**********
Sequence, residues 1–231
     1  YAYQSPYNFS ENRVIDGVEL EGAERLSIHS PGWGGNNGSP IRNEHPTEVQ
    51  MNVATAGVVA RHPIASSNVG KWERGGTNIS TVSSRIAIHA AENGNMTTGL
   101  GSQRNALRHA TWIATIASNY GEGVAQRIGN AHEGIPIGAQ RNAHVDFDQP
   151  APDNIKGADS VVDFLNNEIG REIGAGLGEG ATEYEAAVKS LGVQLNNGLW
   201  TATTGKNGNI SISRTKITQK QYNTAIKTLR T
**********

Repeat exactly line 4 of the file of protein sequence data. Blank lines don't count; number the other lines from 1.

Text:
   101  GSQRNALRHA TWIATIASNY GEGVAQRIGN AHEGIPIGAQ RNAHVDFDQP